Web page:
Frost heave is a common problem in any country where the temperature drops below 0 degrees Celsius. It’s most commonly known as the cause of potholes that form in roads during winter, costing billions of dollars worth of damage worldwide each year. However, despite this, it is still not well understood. For example, the commonly accepted explanation of how it occurs is that water expands as it freezes, and this expansion tears open the surrounding material.
The chameleon's tongue is said to unravel at the sort of speed that would see a car go from 0-60 mph in one hundredth of a second – and it can extend up to 2.5 body lengths when catching insects. Oxford Mathematicans Derek Moulton and Alain Goriely have built a mathematical model to explain its secrets.
The use of mathematical models to describe the motion of a variety of biological organisms has been the subject of much research interest for several decades. If we are able to predict the future locations of bacteria, cells or animals, and then we subsequently observe differences between the predictions and the experiments, we would have grounds to suggest that the local environment has changed, either on a chemical or protein scale, or on a larger scale, e.g.
If effectively harnessed, increased uptake of renewable generation, and the electrification of heating and transport, will form the bedrock of a low carbon future. Unfortunately, these technologies may have undesirable consequences for the electricity networks supplying our homes and businesses. The possible plethora of low carbon technologies, like electric vehicles, heat pumps and photovoltaics, will lead to increased pressure on the local electricity networks from larger and less predictable demands.
People make a city. Each city is as unique as the combination of its inhabitants. Currently, cities are generally categorised by size, but research by Oxford Mathematicians Peter Grindrod and Tamsin Lee on the social networks of different cities shows that City A, which is twice the size of City B, may not necessarily be accurately represented as an amalgamation of two City Bs.
How are people, infrastructure and economic activity organised and interrelated? It is an intractable problem with ever-changing infinite factors of history, geography, economy and culture playing their part.
Many of us know the feeling of standing in front of a subway map in a strange city, baffled by the multi-coloured web staring back at us and seemingly unable to plot a route from point A to point B. Now, a team of physicists and mathematicians has attempted to quantify this confusion and find out whether there is a point at which navigating a route through a complex urban transport system exceeds our cognitive limits.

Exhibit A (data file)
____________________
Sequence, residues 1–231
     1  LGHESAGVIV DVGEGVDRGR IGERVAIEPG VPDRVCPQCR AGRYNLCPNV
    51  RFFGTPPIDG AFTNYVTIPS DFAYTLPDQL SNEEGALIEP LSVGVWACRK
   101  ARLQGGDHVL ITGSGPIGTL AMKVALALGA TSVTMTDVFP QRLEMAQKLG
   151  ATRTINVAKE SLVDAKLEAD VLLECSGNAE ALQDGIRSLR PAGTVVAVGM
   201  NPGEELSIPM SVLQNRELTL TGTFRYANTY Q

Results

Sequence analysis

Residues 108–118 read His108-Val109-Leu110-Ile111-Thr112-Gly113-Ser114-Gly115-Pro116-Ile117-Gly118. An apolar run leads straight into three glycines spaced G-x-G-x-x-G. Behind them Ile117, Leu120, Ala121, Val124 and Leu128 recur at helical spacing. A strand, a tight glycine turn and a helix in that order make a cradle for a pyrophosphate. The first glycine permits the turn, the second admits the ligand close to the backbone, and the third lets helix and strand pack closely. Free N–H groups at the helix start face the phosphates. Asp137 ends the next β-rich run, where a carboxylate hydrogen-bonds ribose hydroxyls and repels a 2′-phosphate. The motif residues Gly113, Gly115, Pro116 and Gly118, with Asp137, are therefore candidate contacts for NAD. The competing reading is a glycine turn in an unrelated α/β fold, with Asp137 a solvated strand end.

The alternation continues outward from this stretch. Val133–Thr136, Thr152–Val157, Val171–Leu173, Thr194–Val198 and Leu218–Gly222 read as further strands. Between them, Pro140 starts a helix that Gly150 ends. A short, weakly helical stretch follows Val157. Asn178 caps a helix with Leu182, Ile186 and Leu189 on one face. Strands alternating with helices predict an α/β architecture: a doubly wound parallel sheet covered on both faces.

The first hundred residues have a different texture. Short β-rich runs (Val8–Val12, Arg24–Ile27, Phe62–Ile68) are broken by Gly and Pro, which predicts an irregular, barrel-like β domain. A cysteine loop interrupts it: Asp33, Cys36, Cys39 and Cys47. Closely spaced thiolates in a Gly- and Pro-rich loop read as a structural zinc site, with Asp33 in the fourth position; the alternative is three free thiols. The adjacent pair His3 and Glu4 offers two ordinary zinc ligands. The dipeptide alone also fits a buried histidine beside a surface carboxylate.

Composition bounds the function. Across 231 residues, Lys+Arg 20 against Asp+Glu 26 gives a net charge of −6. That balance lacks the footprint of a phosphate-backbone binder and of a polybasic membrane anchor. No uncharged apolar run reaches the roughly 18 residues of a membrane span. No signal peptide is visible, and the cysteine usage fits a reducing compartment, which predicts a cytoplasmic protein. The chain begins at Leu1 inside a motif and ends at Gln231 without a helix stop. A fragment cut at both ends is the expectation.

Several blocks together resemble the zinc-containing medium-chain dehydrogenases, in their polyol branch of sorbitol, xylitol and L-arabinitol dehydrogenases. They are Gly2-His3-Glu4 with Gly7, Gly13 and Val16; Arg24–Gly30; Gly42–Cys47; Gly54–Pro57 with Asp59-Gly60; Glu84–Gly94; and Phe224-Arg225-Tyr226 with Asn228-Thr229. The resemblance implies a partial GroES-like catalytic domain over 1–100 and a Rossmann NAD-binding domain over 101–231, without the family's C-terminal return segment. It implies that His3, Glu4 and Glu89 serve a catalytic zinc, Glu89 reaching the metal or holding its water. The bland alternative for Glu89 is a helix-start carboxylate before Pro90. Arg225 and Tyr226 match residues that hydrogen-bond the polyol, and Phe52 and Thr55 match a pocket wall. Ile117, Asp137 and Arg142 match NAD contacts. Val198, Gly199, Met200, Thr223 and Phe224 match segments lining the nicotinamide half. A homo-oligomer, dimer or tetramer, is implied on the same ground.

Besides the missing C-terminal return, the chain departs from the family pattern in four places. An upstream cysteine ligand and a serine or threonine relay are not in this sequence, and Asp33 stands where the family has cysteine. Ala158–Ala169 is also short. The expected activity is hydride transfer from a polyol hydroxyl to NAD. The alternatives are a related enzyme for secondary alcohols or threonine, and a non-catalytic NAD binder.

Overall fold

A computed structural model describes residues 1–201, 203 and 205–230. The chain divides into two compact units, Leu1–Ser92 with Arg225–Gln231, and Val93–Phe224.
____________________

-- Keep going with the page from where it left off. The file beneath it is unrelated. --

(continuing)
Semantics is the study of meaning as expressed through language, and it provides indirect access to an underlying level of conceptual structure. However, to what degree this conceptual structure is universal or is due to cultural histories, or to the environment inhabited by a speech community, is still controversial. Meaning is notoriously difficult to measure, let alone parameterise, for quantitative comparative studies.
How a complex dynamic network such as the human brain gives rise to consciousness has yet to be established by science. A popular view among many neuroscientists is that, through a variety of learning paradigms, the brain builds relationships and in the context of these relationships a brain state acquires meaning in the form of the relational content of the corresponding experience.
Everyone knows that Moore’s law says that computers get cheaper at an exponential rate. What is not as well known is that many other technologies that have nothing to do with computers obey a similar law. Costs for DNA sequencing, some forms of renewable energy, chemical processes and consumer goods have also dropped at an exponential rate, even if the rates vary and are typically slower than for computers.
A new approach to exploring the spread of contagious diseases or the latest celebrity gossip has been tested using London’s street and underground networks. Results from the new approach could help to predict when a contagion will spread through space as a simple wave (as in the Black Death) and when long-range connections, such as air travel, enable it to seemingly jump over long distances and emerge in locations far from an initial outbreak.